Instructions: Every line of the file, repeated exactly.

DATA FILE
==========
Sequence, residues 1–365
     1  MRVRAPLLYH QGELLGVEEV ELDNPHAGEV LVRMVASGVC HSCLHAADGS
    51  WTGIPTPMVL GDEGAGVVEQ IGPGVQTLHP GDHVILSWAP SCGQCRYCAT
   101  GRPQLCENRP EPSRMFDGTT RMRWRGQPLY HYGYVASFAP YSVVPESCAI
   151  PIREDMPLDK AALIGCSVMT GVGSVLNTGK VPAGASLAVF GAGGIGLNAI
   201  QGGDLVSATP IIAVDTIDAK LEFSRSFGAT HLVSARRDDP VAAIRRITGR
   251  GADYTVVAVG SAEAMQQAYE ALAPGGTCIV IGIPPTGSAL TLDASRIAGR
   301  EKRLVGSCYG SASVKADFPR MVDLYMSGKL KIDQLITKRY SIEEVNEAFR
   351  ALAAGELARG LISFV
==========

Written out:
Sequence, residues 1–365
     1  MRVRAPLLYH QGELLGVEEV ELDNPHAGEV LVRMVASGVC HSCLHAADGS
    51  WTGIPTPMVL GDEGAGVVEQ IGPGVQTLHP GDHVILSWAP SCGQCRYCAT
   101  GRPQLCENRP EPSRMFDGTT RMRWRGQPLY HYGYVASFAP YSVVPESCAI
   151  PIREDMPLDK AALIGCSVMT GVGSVLNTGK VPAGASLAVF GAGGIGLNAI
   201  QGGDLVSATP IIAVDTIDAK LEFSRSFGAT HLVSARRDDP VAAIRRITGR
   251  GADYTVVAVG SAEAMQQAYE ALAPGGTCIV IGIPPTGSAL TLDASRIAGR
   301  EKRLVGSCYG SASVKADFPR MVDLYMSGKL KIDQLITKRY SIEEVNEAFR
   351  ALAAGELARG LISFV